Veterans share stories, memorabilia

| Friday, Nov. 1, 2013, 7:51 p.m.

Area military veterans spent time this week sharing their stories with an area state lawmaker.

“I served my country for two years,” said David Bradley, 71, of White Oak. “I did what I had to do.”

Bradley was in the Army at Fort Jackson in South Carolina and Fort Benning in Georgia between 1964 and 1966.

“Our unit was a backup for the field projects at the Officer Candidate School at Fort Benning,” Bradley recalled.

He and more than 40 other veterans were interviewed on Thursday and Friday at the Jefferson Hills office of Rep. Rick Saccone, R-Elizabeth Township.

“I found that (it) was a good opportunity not only to serve my country, but to get training of some value,” said Bradley's wife Barbara, 70, a Marine in 1962-63 at Parris Island, S.C., and Camp Lejeune, N.C.

“Some were in combat, some were just in the reserves,” Saccone aide Robin Poirier said. “But all of their stories are compelling.”

A crew from the House Republican Communications office recorded the interviews for a DVD to be shown at Saccone's annual veterans picnic in August.

“Each veteran in attendance will receive one to take home,” Poirier said.

One combat veteran brought things his father made out of a crashed German fighter and from shells and bullets while he was in the Army during World War II. Saccone was so impressed by the propeller John S. Pavlik's father forged into a plaque that he offered to hang it up in the lobby of his office.

Pavlik, 62, of Elizabeth Township also had his own display case of medals earned in service between November 1968 and November 1969 in Vietnam.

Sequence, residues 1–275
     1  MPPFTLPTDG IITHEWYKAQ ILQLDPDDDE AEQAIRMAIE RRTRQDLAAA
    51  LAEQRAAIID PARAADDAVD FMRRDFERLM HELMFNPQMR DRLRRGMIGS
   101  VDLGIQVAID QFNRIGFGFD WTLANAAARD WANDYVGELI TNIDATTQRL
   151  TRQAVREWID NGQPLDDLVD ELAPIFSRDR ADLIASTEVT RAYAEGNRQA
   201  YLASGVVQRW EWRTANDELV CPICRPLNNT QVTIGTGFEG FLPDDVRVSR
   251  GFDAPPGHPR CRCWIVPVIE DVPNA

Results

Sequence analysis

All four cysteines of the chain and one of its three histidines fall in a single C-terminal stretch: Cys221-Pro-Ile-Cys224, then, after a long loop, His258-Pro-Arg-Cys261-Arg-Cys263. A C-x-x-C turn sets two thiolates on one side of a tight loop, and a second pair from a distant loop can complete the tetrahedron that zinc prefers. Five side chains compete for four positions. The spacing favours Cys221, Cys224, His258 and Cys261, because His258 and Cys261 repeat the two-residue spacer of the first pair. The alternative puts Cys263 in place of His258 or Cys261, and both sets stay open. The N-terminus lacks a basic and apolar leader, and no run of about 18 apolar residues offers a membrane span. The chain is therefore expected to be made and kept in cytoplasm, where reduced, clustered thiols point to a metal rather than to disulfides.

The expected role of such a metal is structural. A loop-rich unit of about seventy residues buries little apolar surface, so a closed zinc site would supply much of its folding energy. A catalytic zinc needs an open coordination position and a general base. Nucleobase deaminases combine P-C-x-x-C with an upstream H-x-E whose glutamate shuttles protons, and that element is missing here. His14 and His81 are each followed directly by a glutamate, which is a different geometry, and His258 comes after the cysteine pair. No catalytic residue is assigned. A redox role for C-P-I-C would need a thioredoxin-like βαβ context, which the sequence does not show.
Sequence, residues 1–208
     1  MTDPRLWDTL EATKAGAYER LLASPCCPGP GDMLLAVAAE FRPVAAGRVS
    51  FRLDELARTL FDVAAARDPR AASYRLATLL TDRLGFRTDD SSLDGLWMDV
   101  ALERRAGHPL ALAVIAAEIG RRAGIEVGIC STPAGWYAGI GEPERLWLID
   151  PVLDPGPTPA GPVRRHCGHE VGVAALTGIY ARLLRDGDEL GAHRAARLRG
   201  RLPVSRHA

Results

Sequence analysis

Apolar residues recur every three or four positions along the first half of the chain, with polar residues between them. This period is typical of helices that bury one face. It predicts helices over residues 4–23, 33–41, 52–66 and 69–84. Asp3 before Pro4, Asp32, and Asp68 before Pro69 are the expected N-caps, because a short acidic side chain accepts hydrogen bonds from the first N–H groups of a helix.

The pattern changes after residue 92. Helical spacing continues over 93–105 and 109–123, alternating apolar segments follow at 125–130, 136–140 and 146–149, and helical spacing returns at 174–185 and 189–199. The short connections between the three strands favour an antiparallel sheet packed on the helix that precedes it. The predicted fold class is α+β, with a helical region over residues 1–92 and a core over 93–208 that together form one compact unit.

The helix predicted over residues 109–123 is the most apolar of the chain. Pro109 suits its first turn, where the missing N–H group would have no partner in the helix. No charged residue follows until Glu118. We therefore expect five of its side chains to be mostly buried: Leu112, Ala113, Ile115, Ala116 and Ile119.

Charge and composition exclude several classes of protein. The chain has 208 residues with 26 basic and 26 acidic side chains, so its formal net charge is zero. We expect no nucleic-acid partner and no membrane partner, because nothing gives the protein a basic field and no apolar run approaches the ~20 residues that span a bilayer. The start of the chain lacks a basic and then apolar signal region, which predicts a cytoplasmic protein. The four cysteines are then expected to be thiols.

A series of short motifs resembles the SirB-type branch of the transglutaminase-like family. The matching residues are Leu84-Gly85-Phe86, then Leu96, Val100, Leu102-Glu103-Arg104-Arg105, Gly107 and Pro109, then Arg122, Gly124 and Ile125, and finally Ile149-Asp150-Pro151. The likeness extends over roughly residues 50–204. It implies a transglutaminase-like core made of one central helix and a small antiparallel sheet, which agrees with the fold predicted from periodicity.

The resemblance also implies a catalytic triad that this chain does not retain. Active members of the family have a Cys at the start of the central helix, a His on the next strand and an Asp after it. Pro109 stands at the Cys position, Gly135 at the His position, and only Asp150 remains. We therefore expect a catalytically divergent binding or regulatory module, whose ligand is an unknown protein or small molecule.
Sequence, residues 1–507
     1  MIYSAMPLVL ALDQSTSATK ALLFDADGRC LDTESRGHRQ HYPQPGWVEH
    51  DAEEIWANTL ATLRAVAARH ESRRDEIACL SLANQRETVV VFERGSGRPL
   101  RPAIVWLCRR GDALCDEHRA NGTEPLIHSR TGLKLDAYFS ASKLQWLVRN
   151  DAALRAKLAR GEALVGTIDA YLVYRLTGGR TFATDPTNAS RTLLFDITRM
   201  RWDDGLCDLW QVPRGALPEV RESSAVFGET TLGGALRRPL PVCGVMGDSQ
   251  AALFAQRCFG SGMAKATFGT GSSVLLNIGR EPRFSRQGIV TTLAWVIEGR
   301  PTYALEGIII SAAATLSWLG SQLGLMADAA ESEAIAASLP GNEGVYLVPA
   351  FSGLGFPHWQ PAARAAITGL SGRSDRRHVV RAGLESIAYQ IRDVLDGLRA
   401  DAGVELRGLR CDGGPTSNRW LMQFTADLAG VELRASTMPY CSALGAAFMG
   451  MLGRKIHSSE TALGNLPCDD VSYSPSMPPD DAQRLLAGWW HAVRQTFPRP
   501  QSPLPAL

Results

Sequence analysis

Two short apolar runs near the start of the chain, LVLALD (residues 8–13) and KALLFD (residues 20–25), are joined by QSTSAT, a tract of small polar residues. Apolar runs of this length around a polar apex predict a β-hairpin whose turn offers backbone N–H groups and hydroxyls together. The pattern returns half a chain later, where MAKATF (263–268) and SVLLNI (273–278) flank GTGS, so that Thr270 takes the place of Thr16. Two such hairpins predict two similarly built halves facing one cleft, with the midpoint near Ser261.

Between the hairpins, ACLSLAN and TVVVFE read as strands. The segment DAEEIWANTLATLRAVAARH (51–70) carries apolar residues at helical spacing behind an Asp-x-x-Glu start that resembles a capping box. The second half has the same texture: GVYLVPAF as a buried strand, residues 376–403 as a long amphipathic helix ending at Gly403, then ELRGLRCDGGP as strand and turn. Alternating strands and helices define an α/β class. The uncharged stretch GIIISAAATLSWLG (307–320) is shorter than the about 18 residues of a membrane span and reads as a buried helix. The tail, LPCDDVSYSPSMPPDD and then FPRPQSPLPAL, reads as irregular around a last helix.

“This is the Army commendation, the Purple Heart, the Bronze Star and the Air Medal,” Pavlik said. There were service and campaign medals from the Army of the Republic of Vietnam, the South Vietnamese, and wings from his work as a crew chief — and as a gunner when he wasn't in the crew chief role.

“I took care of all the maintenance on a helicopter,” Pavlik said. “I was a door gunner when we went into combat.”

His display case includes a medal for expert marksmanship with an M-14 rifle and being a sharpshooter with an M-16.

The Purple Heart came when Pavlik was wounded during an accidental encounter with North Vietnamese forces.

“It was easier for us to unload our ammo cases when they were empty,” Pavlik said. “So we would fire our bullets into a free-fire zone.”

One such “free-fire zone” wasn't free of enemy troops setting up a mortar for a “sapper attack,” an ambush, Pavlik continued.

“They thought we had found them and they shot back,” Pavlik said. “There were 17-18 bullets fired at our helicopter. It knocked out the engine.”

One bullet ricocheted into the craft and struck an aluminum I-beam, sending shrapnel into Pavlik's back and shoulder.

Pavlik said the helicopter crash-landed but others heard its SOS distress call and went in to finish off the enemy unit.

“There were six to eight dead North Vietnamese,” Pavlik recalled.

Pavlik, who attended Glassport High School then was in the first class from the merged South Allegheny High School in 1967, came home from the Army to work for 31 years at U.S. Steel's Clairton plant.

After retiring from the steelmaker, Pavlik taught a Community College of Allegheny County pipe fitter and burning class at Clairton, then for 3½ years he was a consultant to MK Technologies in Butler County.

“I wished I could have worked for (MK's Larry Kotys) the whole 30 years,” Pavlik said.

He had two sons. The younger, Marshall, a senior at Elizabeth Forward High School, “just got an invitation to West Point,” Pavlik said.

The Elizabeth Township resident said his son also is being considered by Carnegie Mellon and the Massachusetts Institute of Technology.

“He has a 4.571 grade average,” Pavlik said.

David and Barbara Bradley were graduates of old McKeesport High School, David in 1960, Barbara in 1971. They met at a reunion of graduates at the home of a mutual friend, married and had a son.

They're members of American Legion Post 553 in Elizabeth.

“He was the parade marshal for five years in Elizabeth,” Barbara said of her husband.

Both came home to civilian jobs, Barbara with Verizon for 25 years as an operator, in accounting and with customer service.

She said what she learned in the military contributed to her civilian job.

“You worked with people from all walks of life,” she said. “You had a job to perform and a duty and you just did it.”

Patrick Cloonan is a staff writer for Trib Total Media. He can be reached at 412-664-9161, ext. 1967, or

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